Maple Implementation
The Maple implementation of this is through a function called FuzzifyProcedure. The author writes Maple code in the standard manner, using standard conditional statements, and then passes the procedure to the function FuzzifyProcedure which returns a procedure which then modifies S appropriately.
> restart; > F := Lambda( 1, 2, 3 ): > R1 := L( 5, 7 ): > f1 := proc( x ) > S; > plot( S, 4..8, 0..1, thickness = 2 ); |
Notice that there are two values printed: 0.3 and 0.7, so both bodies of the conditional statement are executed. Initially, S was the 0 (empty) fuzzy set, but after the execution of the fuzzified procedure f2, S is the union of the two appropriately-truncated fuzzy sets.
Repetition Statements
Next we will look at a repetition statement in the form of a while loop. A Boolean-logic repetition statement is based on the form
while ( Boolean condition ) { // do something Body 3 }
The statements in Body 3 are executed until the Boolean condition evaluates to false. Each time the statements in the body are executed, it is certain that for the current iteration and for all previous iterations, the Boolean condition evaluated to true.
In this case, the fuzzy equivalent should have similar features. As a first approximation, one might consider notation such as
while ( fuzzy condition ) { // do something Body 3 }
The body of the loop is executed until the fuzzy condition evaluates to 0. This, however, will be shown to be unsatisfactory.
Using the same approach as before, the repetition statement
int i = 0; S = 0; // S is the 0 (empty) fuzzy set while ( μ_{F}(i); ) { S = S ∪ (μ_{F}(i) ∩ R_{i}); ++i; }
would be converted to
int i = 0; S = 0; // S is the 0 (empty) fuzzy set while ( true ) { thisfuzzy_{old} = thisfuzzy; thisfuzzy = μ_{F}(i) ∧ thisfuzzy; if ( thisfuzzy == 0 ) { thisfuzzy = thisfuzzy_{old} break; } S = S ∪ (thisfuzzy ∩ R_{i}); thisfuzzy = thisfuzzy_{old} ++i; }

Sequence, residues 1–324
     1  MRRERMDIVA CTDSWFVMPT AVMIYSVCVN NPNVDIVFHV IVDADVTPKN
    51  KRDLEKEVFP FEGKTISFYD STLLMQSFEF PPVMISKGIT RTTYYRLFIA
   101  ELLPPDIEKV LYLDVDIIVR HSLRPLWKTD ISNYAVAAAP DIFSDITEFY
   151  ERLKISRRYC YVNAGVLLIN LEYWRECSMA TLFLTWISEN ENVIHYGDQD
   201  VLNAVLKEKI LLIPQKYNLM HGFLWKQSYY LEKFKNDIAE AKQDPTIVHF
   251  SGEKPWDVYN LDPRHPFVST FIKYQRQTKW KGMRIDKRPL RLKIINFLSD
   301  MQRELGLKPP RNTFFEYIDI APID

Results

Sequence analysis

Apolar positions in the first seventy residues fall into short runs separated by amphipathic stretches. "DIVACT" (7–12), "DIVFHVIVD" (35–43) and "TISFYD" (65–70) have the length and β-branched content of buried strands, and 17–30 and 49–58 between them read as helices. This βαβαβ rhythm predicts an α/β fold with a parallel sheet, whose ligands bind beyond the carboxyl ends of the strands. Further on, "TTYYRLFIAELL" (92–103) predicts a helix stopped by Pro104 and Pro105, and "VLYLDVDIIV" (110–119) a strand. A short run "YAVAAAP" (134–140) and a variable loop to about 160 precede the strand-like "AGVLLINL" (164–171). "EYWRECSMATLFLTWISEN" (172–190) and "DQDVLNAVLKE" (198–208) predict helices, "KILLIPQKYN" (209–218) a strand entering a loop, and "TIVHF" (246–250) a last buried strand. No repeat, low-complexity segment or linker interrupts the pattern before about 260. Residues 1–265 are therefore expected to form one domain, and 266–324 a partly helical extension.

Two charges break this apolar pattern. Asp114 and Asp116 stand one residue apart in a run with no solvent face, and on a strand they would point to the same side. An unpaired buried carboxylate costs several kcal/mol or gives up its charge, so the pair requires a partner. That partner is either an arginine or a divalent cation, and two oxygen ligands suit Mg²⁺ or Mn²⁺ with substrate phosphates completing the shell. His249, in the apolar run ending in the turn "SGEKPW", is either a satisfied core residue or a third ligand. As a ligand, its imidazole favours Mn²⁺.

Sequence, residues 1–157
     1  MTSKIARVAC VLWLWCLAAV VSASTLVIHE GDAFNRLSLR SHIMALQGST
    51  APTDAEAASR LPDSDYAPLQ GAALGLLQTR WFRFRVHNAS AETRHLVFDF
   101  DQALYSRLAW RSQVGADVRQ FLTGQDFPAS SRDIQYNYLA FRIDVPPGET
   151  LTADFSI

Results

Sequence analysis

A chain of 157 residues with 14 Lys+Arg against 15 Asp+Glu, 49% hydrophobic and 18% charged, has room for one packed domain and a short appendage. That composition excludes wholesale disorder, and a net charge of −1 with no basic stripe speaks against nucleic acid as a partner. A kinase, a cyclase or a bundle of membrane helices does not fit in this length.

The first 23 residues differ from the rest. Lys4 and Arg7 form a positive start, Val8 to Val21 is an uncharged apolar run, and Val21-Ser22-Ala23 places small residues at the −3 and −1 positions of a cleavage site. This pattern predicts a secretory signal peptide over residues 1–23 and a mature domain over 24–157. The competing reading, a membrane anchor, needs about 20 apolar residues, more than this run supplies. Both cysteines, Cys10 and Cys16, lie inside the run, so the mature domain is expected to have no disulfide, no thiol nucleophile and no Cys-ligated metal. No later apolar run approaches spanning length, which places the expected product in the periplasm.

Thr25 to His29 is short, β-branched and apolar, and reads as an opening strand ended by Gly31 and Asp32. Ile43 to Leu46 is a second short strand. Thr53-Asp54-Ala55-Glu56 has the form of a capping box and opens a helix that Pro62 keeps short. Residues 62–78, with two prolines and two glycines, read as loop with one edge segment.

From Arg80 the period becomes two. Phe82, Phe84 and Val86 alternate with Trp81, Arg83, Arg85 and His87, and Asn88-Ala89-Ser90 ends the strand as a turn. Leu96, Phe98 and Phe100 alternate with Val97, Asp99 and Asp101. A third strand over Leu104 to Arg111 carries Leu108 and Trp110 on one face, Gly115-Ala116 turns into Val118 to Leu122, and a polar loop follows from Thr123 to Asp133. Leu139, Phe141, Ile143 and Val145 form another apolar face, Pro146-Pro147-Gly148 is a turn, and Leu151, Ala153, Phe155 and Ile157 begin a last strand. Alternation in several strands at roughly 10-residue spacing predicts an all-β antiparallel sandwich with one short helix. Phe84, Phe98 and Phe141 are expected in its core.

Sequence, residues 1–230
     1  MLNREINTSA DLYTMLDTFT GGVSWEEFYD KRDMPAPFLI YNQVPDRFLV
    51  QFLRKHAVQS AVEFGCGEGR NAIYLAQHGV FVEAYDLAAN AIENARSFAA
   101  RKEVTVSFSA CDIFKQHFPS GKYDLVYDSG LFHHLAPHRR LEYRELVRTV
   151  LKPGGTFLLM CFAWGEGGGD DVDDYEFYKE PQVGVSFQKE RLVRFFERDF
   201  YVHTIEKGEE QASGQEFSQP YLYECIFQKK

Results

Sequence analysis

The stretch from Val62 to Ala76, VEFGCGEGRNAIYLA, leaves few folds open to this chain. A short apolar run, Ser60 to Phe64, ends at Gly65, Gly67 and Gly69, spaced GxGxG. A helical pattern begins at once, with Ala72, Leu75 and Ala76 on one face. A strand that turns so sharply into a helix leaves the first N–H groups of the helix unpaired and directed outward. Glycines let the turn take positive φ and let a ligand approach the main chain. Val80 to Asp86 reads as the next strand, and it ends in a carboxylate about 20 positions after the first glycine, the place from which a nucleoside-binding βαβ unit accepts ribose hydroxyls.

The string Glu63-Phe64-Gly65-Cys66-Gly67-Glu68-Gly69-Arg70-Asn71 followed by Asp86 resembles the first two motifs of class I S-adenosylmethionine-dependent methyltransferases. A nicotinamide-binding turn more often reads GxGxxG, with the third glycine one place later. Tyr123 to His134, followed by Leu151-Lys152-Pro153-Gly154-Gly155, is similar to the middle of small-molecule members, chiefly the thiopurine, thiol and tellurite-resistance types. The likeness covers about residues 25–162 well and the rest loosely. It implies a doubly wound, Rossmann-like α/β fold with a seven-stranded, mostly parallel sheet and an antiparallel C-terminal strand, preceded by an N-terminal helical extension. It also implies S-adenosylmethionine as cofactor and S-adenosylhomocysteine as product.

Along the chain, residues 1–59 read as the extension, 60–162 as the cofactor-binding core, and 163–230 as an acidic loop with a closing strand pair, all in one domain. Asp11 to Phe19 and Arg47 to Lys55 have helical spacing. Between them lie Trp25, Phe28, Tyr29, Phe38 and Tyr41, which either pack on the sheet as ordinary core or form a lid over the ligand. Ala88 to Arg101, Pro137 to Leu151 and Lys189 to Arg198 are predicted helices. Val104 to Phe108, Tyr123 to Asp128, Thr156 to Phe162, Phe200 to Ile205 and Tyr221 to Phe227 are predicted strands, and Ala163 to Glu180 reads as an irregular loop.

Unfortunately, this is both:
- very easy to code without without any special features, and
- it does not take into account previous evaluations of the fuzzy condition.
The second observation is the critical one: consider the following Boolean repetition statement:
int i = 0; while ( i != 10 ) { cout << i << endl; ++i; }
Here, the Boolean condition is true for all values of i > 10, however, the body of the loop is never executed for for any such value. Similarly, if the fuzzy value of a particular iteration is small, then the fuzzy value of any subsequent iteration should be no greater. The logical implementation would be to make the variable thisfuzzy the fuzzy and of all previous iterations, as is demonstrated here:
fuzzy_set S = 0; // S is the 0 (empty) fuzzy set int i = 0; fuzzy_value thisfuzzy= thisfuzzy; while ( true ) { thisfuzzy = thisfuzzy ∧ μ_{F}(i); if ( thisfuzzy == 0 ) { break; } S = S ∪ (thisfuzzy ∩ R_{i}); ++i; } thisfuzzy = thisfuzzy_{old};
Maple Implementation
The Maple implementation FuzzifyProcedure takes the condition of a Maple while loop and converts it into the aforementioned fuzzy version. The function L(a, b) constructs a fuzzy set which is 1 for x < a, 0 for x > b, and linear between (a, 1) and (b, 0). The function Λ(a, b, c) constructs a fuzzy set which is 0 outside [a, c] and piecewise linear between (a, 0), (b, 1), and (c, 0).
> restart; > F := L( 4, 9 ): > f1 := proc() > S; > plot( S, 0..10, 0..1, thickness = 2 ); |
Instead of using the default associated class (a t-norm, an s-norm, and an appropriate complement) which uses the maximum and minimum functions to calculate fuzzy union and intersection, we can also consider the algebraic associated class where x ∧ y = xy and x ∨ y = x + y − xy. Using this associated class results in significantly different behaviour, as is shown in the following example:
> restart; > F := L( 4, 9 ): > f1 := proc() > S; > plot( S, 0..10, 0..1, thickness = 2 ); |
The linear decrease in the evaluated fuzzy conditional statements now translates into a decrease in the value of thisfuzzy which may be approximated by a decrease of the form e^{−x2/10}.
Summary
This page introduces two generalizations of Boolean-valued control statements and gives corresponding fuzzy-valued control statements, together with a demonstration of a working Maple implementation of these variations. As well, they allow for equivalent implementation of the standard IF-THEN fuzzy rule.